Recently, I travelled to London for the CILIP Executive Briefing on eCopyright for Libraries and Archives (#ecopy 12). Arriving at Marlyebone station at the height of rush hour, I passed on the walking map being offered to the public and made a beeline to the Bakerloo line.
Due to frequent disruptions on the line and sardine-packed trains, I abandoned the Underground and headed for the nearest taxi to take me to the CILIP headquarters.
It was a journey worth making.
Nick Poole from the Collections Trust opened the day with a keynote speech which gave a complex overview of what is happening in Europe and, ultimately, the UK.
He suggested that a lot of debate about copyright isn’t about copyright at all but about “bigger issues of democracy and economic development, many of which are brought into the focus of technology.” In essence, the discussion is about contract law (licensing) and civil rights.
ACTA (Anti-Counterfeiting Trade Act) has been signed by the EU but not yet ratified. Not surprisingly, opponents to ACTA have organised themselves via social networks (like the SOPA (Stop Online Piracy Act) opponents in the US). In it’s current form, ACTA may not see the light of day.
Also on the subject of Europe, we also heard from Georgia Angelaki, Business and Policy Coordinator, about the Europeana project. More about this project in a future post.
Back to the UK, Naomi Korn, gave an excellent presentation on the Hargreaves Review of Intellectual Property (IP). She suggested that not all of the Hargreaves, recommendations will be adopted (for example data & text mining). It is also realistic to expect that contract law will continue to override education exceptions.
Ben White, Head of IP at the British Library, spoke about the definitions and issues regarding “orphan” works. These are works that are still in copyright, but whose owners cannot be traced or contacted if they have been identified. The EU draft directive is under review and might not be implemented in its current form, if at all.
Emily Goodhand brought to life several points about EU directives and UK case law, explaining how the legal system works. The devil is in the detail, particularly when it comes to big questions for the courts, such as what does “communication to the public” really mean? Where does infringement happen (jurisdiction/territory), and how temporary is “temporary?”
We also heard from Heather Caven, Head of Collections Management and Resource Planning and Roxanne Peters, Project Manager: Rights Management, about rights management and how they have adopted a holistic approach at the V&A. They stressed the importance of clear IP strategies and guidelines to ensure that your rights management doesn’t end up resembling the Winchester Mystery House. This 160 room house was constructed with 147 builders and 0 Architects. Needless to say, there were many doors leading to nowhere and skylights on the floors.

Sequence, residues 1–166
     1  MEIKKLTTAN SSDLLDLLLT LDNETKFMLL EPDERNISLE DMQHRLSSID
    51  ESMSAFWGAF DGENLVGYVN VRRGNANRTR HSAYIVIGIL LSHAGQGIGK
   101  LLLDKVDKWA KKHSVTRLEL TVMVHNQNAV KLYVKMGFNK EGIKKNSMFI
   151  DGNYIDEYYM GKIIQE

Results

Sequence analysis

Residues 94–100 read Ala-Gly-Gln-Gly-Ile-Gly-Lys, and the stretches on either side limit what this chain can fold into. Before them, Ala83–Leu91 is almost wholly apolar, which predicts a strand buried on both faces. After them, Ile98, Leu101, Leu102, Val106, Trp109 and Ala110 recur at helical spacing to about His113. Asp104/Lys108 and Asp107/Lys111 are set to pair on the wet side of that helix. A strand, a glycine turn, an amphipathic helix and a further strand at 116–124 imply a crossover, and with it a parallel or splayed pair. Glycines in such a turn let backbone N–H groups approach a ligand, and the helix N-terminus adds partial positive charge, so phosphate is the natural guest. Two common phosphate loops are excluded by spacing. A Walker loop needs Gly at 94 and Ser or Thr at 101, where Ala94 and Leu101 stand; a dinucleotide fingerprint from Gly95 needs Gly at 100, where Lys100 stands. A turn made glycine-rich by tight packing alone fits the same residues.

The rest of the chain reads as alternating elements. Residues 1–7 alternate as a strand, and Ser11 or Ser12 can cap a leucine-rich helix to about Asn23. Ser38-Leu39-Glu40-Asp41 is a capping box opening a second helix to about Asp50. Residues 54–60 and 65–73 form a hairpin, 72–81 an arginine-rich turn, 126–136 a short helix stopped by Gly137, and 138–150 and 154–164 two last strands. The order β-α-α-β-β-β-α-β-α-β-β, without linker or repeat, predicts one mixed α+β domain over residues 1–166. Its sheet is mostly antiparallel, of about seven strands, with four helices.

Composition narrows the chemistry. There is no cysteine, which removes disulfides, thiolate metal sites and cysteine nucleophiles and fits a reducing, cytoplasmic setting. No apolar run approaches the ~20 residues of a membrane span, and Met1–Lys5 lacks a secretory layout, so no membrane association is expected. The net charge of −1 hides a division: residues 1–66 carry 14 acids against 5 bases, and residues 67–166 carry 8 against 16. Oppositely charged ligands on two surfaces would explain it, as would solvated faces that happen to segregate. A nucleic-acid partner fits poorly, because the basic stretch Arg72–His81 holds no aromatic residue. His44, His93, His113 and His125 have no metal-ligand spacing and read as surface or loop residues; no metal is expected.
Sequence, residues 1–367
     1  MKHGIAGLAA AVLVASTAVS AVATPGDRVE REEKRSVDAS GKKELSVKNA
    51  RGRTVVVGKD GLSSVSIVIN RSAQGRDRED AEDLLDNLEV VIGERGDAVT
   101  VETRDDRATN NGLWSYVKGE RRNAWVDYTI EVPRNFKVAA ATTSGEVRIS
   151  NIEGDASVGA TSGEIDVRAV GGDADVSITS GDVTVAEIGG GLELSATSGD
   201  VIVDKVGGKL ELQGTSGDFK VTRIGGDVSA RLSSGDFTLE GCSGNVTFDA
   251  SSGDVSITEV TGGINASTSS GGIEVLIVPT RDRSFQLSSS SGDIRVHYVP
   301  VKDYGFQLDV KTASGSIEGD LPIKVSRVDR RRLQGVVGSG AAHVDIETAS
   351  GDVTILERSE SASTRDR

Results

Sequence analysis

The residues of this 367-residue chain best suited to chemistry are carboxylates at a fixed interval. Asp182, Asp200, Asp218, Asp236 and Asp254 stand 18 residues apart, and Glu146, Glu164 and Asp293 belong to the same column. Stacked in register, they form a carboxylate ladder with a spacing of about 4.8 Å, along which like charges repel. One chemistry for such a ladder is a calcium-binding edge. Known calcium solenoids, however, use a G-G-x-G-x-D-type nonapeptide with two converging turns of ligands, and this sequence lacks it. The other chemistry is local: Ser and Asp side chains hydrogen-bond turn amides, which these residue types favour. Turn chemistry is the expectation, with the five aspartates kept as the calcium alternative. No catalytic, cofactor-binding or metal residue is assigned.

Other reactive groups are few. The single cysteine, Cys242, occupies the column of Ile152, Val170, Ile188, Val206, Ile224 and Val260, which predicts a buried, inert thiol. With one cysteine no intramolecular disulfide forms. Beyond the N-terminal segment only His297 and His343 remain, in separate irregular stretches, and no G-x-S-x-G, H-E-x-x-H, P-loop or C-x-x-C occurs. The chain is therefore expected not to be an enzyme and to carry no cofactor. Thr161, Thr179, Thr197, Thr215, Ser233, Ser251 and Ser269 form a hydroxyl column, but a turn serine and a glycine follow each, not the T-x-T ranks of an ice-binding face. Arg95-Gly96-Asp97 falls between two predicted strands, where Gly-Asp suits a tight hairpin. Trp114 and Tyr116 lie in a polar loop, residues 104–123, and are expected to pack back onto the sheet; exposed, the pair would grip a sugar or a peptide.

Lastly, Sarah Fahmy from the Strategic Content Alliance, communicated to us the importance of sustainability, especially after the economic crisis. One of the case studies was the Southhampton Library Digitisation Unit. Initially, it was set up with the purpose of providing a mass digitisation service to external clients. However, over time the changing market led to a change in its business model. The service dedicated itself to meeting institutional needs.
Reflecting on all the presentations from that day, I still feel uncertain about the effectiveness of the Hargreaves review in closing the gap between the rightsholders /publishers of content and those who wish to repurpose it for educational, library, and archival purposes.
Descending back into the Underground’s claustrophobic depths, it amazed me how a complex transport system originally built by the Victorians continues to operate in the 21st century, for better or worse (in my case). I also agree that copyright is a symptom of a bigger problem. This challenge is the massive gap between using technology to support innovation and the law which hasn’t kept up at the same pace.
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